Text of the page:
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Proton join the 200mph club

Proton join the 200mph club

Proton join the 200mph club

Proton Team KR gave their new V5 prototype its official bow at Catalunya this weekend and celebrated by breaking the 200mph mark for the first time. Nobuatsu Aoki, lapping alone in the absence of his injured team-mate Kurtis Roberts, set a top speed of 204.12mph (328.5km/h), which team officials believe is the fastest any Proton has ever gone, on two or four wheels.

"I believe that's the first time any Proton has done more than 200mph," said Team Manager Chuck Aksland. "All in it was a pretty positive end to the test. Nobu went faster than last year, and we still don't have a lot of experience on the Dunlop tyres, or with the new bike. With the little bit of testing we've done, we know where we're at. We need more engine performance, and to establish our relationship with Dunlop. And to keep moving forward."

In what was virtually a shake-down test for the second-generation V5, which features a revised engine and an all-new high-tech chassis and swingarm, and the team still gaining familiarity with their new Dunlop tyres, Team Owner Kenny Roberts believes there are signs of clear progress for the machine and saw the top speed as an endorsement of its ultimate potential.

"We know we need more engine power, and we're working on that, but we also know these are very early days for the new bike, and that everything is getting better all the time," said the three-time former World Champion.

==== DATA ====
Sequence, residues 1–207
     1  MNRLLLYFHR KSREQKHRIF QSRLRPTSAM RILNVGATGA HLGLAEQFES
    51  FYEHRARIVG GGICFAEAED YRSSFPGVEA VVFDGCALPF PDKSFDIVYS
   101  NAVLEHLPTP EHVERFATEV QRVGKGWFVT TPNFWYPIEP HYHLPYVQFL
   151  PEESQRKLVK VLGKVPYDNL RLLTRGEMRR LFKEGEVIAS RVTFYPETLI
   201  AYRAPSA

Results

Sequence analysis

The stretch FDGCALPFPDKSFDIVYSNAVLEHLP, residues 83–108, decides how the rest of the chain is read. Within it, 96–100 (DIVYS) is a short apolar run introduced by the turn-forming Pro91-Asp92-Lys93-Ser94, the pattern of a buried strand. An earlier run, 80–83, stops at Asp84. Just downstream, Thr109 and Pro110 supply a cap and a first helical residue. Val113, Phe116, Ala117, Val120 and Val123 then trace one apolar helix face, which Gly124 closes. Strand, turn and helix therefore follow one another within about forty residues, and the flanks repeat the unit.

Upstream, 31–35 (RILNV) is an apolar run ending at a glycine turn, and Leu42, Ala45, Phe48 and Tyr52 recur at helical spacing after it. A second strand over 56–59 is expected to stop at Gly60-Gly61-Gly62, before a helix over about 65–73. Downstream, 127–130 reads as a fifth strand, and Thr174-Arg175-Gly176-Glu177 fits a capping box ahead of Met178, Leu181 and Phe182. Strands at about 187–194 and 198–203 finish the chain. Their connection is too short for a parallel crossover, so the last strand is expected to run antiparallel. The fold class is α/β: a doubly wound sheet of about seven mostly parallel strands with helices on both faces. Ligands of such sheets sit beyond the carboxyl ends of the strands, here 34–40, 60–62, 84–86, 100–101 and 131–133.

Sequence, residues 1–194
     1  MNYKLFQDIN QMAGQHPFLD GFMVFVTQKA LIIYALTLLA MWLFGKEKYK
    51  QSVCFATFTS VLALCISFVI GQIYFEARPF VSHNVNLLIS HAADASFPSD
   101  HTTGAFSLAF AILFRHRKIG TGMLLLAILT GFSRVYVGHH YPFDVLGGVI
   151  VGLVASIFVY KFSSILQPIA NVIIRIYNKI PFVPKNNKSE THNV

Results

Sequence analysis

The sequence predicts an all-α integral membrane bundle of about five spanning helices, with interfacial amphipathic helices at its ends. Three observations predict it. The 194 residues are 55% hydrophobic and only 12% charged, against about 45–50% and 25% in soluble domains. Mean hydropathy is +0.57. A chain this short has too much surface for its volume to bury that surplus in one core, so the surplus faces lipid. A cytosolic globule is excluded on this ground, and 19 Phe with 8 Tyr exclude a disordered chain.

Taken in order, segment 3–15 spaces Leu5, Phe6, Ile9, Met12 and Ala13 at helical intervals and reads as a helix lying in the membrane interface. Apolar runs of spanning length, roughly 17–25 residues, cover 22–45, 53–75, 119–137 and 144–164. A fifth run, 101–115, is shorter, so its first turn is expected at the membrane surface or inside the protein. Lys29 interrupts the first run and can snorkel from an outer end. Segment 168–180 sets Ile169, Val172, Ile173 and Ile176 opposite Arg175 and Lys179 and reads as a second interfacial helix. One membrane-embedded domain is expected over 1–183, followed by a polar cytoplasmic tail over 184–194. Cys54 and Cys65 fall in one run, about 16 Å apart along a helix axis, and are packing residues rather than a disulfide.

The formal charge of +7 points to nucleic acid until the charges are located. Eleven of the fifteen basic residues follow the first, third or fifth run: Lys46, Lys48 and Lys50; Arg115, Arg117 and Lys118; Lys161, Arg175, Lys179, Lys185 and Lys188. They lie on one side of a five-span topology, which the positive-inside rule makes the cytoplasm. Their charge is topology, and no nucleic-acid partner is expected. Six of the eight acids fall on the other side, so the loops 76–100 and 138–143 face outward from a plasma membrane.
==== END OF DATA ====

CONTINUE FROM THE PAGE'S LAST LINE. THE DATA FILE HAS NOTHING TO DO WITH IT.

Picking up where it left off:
The new Proton is the first to bear the stamp of ex-F1 engineering guru John Barnard, who has used chassis construction techniques culled from aerospace and F1 technology never before seen on a motorcycle, and the changes were also given the stamp of approval by their experienced main rider. "I am happy with the new chassis and swingarm," reflected Aoki, who added that, despite the optimism raised by his top speed, there is a lot of development left in the bike.

"We worked very hard and adjusted many things… it was like a shakedown this weekend," he continued. "Now the bike is getting to the point where we have good base settings and can concentrate on fine running the suspension and so on. The new engine is not working properly yet. The top-end power is the same as last year, but the mid-range is not good at all.

"It makes the engine very peaky. When you touch the throttle at 10,000rpm it hesitates a lot, and is inconsistent. The engine shop has to work to make it easier to ride. It was our first official time on Dunlop tyres, and though the qualifying tyres are very good, there is a lot of work to do. We have to cooperate to improve things, and I hope I have given them a lot of ideas."

MotoGP, 2004

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